Thanks so much, I passing this info on to my brothers who also listened to my Dads stories, but like me only half listened because we were thinkin' about chasing 'skirts ' and other stuff.
I really appreciate the time it took to explain this to me.

You da Man, Coalman...I'm just the Coalboy standin' next to da man!
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Old 02-03-2011, 06:39 AM
 
Location: Location: Location
6,208 posts, read 7,381,117 times
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coalman, I can remember my Grandmother referring to "the copper coke man" when expecting a coal delivery. This was in Philadelphia in the '40's. Was she referring to the name of a company or was there a product called copper coke?

I used to tend the furnace at my Father's house when I was in elementary school. He would fire it up in the morning so the house would be warm for us but I would bank it just before I left for school. Back then, every kid knew about taking care that the fire wouldn't go out. Good times.
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Old 02-03-2011, 09:26 AM
 
37,063 posts, read 38,191,147 times
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Quote:
Originally Posted by theatergypsy View Post
coalman, I can remember my Grandmother referring to "the copper coke man" when expecting a coal delivery. This was in Philadelphia in the '40's. Was she referring to the name of a company or was there a product called copper coke?
I never heard that term before, coke derived from coal is used for fuel in the steel industry. Since a lot of heating pipes are copper perhaps it's a joking type term? I really don't know, I'm just guessing.
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Old 02-03-2011, 10:26 AM
 
Location: Location: Location
6,208 posts, read 7,381,117 times
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Thanks, coalman. I guess I should have paid more attention to Grandmere. LOL
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Old 02-06-2011, 11:17 AM
 
Location: University City, Philadelphia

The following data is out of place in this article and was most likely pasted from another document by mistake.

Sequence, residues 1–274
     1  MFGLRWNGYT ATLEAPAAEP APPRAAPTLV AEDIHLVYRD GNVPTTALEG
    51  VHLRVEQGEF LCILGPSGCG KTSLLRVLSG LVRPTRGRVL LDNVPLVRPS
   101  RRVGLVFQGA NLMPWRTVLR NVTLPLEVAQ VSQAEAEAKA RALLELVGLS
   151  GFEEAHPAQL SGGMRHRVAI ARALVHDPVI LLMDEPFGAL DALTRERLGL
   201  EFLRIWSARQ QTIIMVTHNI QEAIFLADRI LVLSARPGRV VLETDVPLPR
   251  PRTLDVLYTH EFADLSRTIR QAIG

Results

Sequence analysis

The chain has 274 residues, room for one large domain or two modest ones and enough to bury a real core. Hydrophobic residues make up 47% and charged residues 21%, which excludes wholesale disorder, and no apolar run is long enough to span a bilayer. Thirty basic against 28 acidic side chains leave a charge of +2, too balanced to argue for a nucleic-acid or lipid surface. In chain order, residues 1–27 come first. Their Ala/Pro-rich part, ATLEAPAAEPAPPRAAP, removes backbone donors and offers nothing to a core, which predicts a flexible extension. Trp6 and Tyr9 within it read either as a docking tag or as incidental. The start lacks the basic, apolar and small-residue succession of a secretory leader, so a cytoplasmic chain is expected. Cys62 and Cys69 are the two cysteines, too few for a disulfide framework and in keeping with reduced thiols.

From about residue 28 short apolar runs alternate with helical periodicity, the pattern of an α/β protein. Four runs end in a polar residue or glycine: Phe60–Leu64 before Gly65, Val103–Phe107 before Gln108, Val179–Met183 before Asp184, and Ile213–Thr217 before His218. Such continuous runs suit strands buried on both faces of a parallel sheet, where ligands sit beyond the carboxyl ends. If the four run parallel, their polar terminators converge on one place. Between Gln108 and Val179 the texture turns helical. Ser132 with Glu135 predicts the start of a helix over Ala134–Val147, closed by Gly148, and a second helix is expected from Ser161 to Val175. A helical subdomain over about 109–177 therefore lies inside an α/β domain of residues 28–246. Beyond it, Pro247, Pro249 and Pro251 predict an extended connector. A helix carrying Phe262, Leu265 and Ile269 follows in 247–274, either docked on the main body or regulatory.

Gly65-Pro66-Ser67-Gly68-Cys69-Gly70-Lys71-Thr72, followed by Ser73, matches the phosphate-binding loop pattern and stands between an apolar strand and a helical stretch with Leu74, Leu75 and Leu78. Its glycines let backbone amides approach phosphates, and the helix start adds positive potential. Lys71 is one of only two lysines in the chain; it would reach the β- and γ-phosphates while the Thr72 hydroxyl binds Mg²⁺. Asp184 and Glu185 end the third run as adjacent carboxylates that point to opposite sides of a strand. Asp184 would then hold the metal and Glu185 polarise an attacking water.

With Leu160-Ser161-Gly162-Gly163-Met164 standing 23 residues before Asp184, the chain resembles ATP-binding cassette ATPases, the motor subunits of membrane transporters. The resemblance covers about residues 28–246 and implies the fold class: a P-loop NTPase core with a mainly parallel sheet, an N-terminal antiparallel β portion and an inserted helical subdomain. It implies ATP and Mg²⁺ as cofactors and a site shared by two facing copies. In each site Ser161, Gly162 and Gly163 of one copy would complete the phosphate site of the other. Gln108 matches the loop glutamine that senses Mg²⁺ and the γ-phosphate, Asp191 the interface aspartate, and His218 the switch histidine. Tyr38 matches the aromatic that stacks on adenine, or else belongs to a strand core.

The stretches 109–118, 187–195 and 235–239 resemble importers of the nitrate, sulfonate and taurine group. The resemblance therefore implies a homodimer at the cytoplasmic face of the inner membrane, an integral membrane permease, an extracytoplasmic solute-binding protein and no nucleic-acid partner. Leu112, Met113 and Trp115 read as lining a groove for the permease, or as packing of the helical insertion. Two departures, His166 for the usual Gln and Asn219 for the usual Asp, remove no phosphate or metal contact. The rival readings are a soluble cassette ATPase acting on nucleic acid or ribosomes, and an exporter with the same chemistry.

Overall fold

22,583 posts, read 11,742,045 times
Reputation: 15397
Default Another Phoebe Snow ditty

A cozy seat
A dainty treat
Makes Phoebe's
Happiness complete
With Linen white
And silver bright
Upon the road
Of Anthracite
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Old 02-07-2011, 07:15 PM
 
Location: Scranton-Wilkes-Barre area
95 posts, read 114,916 times
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Wow! Great history and personal accounts! So interesting. My parents came here from Eastern Europe, and we got to know a couple of people in the area, in Luzerne, who knew they were Croatian... even though their ancestors were listed in immigration papers as Yugoslav or Austro-Hungarian, like alot of other Slavic immigrants. They came to this area and got involved in mining because they just wanted to support their families. As fas a s I know, back "home" they mainly used wood as fuel, back then in their villages.
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Old 02-08-2011, 05:01 PM
 
1 posts, read 2,402 times
Reputation: 10
Would love to find resources and/or information on Italian miners or mine owners 1910-1940. I believe my great-uncles, Frank and Joe Passarelli were partners who ran The Pompeii Anthracite Co. Or Pompeii-Supreme Anthracite Co. My grandfather (their brother-in-law) worked in the mines as a laborer from 1923-1943. All were immigrants from Calabria.
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Old 02-11-2011, 05:17 AM
 
Location: PA
372 posts, read 1,065,351 times
Reputation: 220
Fun fact I got in my mail today!!

Did you know...

... that today is Anthracite Coal Day? In 1808, Judge Jesse
Fell of Wilkes-Barre, Pennsylvania, burned anthracite coal in
his home to show that such coal burned clean and could be used
as a heating fuel. His successful experiment helped northeast
Pennsylvania become a great coal mining area.
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Old 02-11-2011, 07:40 AM
 
37,063 posts, read 38,191,147 times
Reputation: 14808
The part of Judge Fell is correct, wasn't aware there was "anthracite coal day" nor can I find any reference to it. The key here is he burned it with natural air currents opposed to force air. They were using coal in blacksmiths shop long before this, additionally anthracite is very hard to light. Many thought it to be useless as fuel since the soft coal burns so much easier.

That's not the case though, once lit well it's like a freight train, unstoppable. Since it doesn't smoke and doesn't "klinker" like soft coal its ideal for home heating use. A klinker is fused ash and common with soft coal, it will also happen with the red ash coal south of Wilkes Barre which has a higher iron content when its burned too hot. This looks like molten piece of lava/metal and will be very heavy and impossible to break. It has to be manually removed: